Steve Sears doesn't see him self as a developer, but he's starting to be come one.
Sears, his wife Maria Cruz and their business partner Willa Kuh, are currently working on a master plan they announced last fall to re-use the former Crane stationery factory on Flansburg Avenue.
The trio envision a grocery store featuring Berkshire made foods, a restaurant or two, and retail, office and artisan space in the 105,000-square-foot building that was closed to paper manufacturing two years ago.
The Berkshire Carousel project and several other tenants have already committed to being in the structure. Sears, who worked for Crane for 25 years, said the carousel and those other tenants should help attract other entities, and will help reconnect the 1880s brick structure to the center of town.
"We want to grow somewhat [steadily], with two to three years for a complete build out," he said. "I see the carousel allowing Dalton to tap into the arts community."
The one-time Crane building, originally known as the Dalton Shoe Co., is among six vacant, once vibrant Berkshire manufacturing facilities that are currently being targeted for redevelopment. If all goes as planned, the Eagle, Greylock, and Columbia mills in Lee, the Niagara Mill in Lenox Dale, and Berkshire Hathaway Mill No. 4 in Adams also are candidates for re-use, although those projects could take several years to complete, according to their potential developers.
Last summer, Lee received a $175,000 federal planning grant to create a community-based strategy for revitalizing the Lee and Lenox Dale mills. They are all currently or formerly owned by Schweitzer-Mauduit International Inc., the paper company that closed them in 2008. The Berkshire Regional Planning Commission is overseeing the two-year study that BRPC officials expect will kick into high gear this spring.
BRPC senior planner Melissa Provencher says the key to reusing these old mills includes viability of their redevelopment, the condition of their buildings and the historic connection to their communities.
"These buildings can have multiple lives," Provencher said. "I love when the history and character [of the mills] can be kept."
"When the bones are good, why change it?" she added.
Financing is always one of the major challenges that the redevelopers of former mills face, and Jeff Cohen is no exception. The Great Barrington resident is spearheading the re-use of the Eagle and Berkshire Hathaway mills, and has obtained purchase and sale agreements with the owners of both properties. He expects the sale to close on the Berkshire Hathaway property on April 1. Eventually, Cohen plans to seek approval from Adams officials to convert the 225,000-square-foot brick building into 150 affordable housing units.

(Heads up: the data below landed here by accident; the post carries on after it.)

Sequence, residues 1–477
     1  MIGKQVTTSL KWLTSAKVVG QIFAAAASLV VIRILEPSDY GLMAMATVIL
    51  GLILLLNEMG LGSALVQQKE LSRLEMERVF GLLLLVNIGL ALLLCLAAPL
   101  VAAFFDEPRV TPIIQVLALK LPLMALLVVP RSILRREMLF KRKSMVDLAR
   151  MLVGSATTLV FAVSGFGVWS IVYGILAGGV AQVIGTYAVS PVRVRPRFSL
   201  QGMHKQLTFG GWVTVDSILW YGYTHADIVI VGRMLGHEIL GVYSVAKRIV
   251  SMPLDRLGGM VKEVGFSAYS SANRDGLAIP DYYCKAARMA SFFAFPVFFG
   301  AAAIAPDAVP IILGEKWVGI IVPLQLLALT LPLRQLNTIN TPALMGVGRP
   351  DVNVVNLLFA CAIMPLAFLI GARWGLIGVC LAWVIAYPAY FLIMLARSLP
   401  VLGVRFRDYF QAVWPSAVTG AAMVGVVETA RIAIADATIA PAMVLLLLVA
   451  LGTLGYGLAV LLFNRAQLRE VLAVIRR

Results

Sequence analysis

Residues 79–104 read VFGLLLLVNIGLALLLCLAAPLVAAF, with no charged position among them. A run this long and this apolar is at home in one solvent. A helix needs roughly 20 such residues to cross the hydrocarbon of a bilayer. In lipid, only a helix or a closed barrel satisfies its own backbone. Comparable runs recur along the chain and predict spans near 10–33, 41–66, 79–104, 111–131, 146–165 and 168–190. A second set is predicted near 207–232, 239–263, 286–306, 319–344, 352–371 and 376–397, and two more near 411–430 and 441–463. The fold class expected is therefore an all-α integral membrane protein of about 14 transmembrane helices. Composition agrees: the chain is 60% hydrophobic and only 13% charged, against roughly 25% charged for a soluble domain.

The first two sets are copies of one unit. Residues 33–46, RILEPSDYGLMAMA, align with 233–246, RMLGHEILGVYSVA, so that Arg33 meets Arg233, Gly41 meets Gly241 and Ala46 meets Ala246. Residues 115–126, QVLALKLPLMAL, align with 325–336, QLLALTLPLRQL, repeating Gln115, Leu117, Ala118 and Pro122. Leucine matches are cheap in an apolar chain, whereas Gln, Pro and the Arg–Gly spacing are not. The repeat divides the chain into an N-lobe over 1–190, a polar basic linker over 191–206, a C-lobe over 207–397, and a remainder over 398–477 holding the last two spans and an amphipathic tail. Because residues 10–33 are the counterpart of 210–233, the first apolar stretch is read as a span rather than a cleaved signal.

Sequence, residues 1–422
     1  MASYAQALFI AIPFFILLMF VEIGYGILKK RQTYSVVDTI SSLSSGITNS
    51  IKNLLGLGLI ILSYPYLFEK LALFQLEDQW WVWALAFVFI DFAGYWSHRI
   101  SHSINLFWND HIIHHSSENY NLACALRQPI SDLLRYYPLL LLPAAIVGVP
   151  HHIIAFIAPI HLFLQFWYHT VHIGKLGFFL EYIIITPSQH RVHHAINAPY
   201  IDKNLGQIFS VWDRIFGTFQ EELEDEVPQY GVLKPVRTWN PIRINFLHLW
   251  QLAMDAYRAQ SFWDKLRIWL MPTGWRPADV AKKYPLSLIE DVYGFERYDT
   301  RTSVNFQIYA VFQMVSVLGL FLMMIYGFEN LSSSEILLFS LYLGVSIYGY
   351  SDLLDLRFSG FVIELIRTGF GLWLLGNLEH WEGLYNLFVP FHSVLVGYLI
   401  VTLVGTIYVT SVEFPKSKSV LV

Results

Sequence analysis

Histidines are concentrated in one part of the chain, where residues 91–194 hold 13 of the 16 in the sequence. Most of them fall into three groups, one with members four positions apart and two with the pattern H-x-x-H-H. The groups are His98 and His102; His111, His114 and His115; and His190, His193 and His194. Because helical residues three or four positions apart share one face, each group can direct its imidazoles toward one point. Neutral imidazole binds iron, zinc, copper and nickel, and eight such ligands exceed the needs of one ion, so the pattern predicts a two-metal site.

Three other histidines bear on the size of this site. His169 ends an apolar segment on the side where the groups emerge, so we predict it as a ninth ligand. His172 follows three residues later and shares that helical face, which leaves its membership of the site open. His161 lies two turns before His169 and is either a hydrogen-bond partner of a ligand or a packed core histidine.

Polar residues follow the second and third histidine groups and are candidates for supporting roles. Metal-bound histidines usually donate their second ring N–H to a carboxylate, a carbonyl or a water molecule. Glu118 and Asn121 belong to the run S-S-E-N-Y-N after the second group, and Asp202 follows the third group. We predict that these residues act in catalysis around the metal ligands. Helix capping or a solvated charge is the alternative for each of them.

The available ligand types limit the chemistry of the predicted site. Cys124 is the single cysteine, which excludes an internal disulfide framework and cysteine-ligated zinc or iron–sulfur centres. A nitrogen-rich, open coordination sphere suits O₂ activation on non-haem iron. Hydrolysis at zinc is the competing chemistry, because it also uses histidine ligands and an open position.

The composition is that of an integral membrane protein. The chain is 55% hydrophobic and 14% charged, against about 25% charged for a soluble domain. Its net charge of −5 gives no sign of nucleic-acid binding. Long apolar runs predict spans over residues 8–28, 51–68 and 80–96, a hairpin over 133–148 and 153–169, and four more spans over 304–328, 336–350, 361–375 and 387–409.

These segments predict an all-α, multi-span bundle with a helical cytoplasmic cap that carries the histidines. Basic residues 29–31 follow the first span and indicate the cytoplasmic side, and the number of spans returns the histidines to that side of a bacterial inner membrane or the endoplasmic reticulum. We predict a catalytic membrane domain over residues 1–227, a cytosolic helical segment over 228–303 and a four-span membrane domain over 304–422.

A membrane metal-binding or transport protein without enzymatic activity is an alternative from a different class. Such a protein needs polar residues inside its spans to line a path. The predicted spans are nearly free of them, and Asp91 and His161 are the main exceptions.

As for the Eagle Mill at the north end of Lee's Main Street, Cohen is crafting a blueprint that calls for a hotel, restaurants, retail, office space and affordable housing. Cohen unveiled his proposal to The Eagle in September, but he and his development team will publicly discuss the project for the first time on Thursday, April 24 at Lee Middle and High School. The meeting begins at 7 p.m.
In both cases, Cohen says securing historic and housing tax credits from the state are crucial to funding the reuse, provided the projects have communitywide support.
"It's important for a seamless transition [of the Eagle Mill] from the current neighborhood to becoming a village within the neighborhood," he said.
Donna Cesan, Adams' community development director, said a potential re-use of the 115-year-old Berkshire Hathaway Mill on Hoosac Street would fit in nicely with the town's downtown revitalization efforts.
"We're definitely interested in more housing in the area," she said.
The newest developer to emerge on the local mill re-use scene is Niagara Worldwide of St. Louis and Niagara, Wis. The multifaceted company that prides itself on revitalizing dormant industrial sites an nounced in early March that it expects to close a deal with Schweitzer-Mauduit for the Columbia, Greylock and Niagara mills soon.
Niagara Worldwide President Eric Spirtas has vowed to work with local business and community leaders to determine the best uses for the three paper mills, with an ambitious timetable of a 24- to 36-month redevelopment.
Lee Community Develop ment Corp. member John Philpott has been one of several Lee officials working behind the scenes looking for the right suitor to breathe life back into the mills. Philpott believes Niagara's resume will bode well for the three mills and the town.
"They have fairly extensive experience with older buildings and a solid financial background," he said in a recent Eagle interview. "I am cautiously optimistic they will do something with those buildings."
To reach Dick Lindsay:
or (413) 496-6233.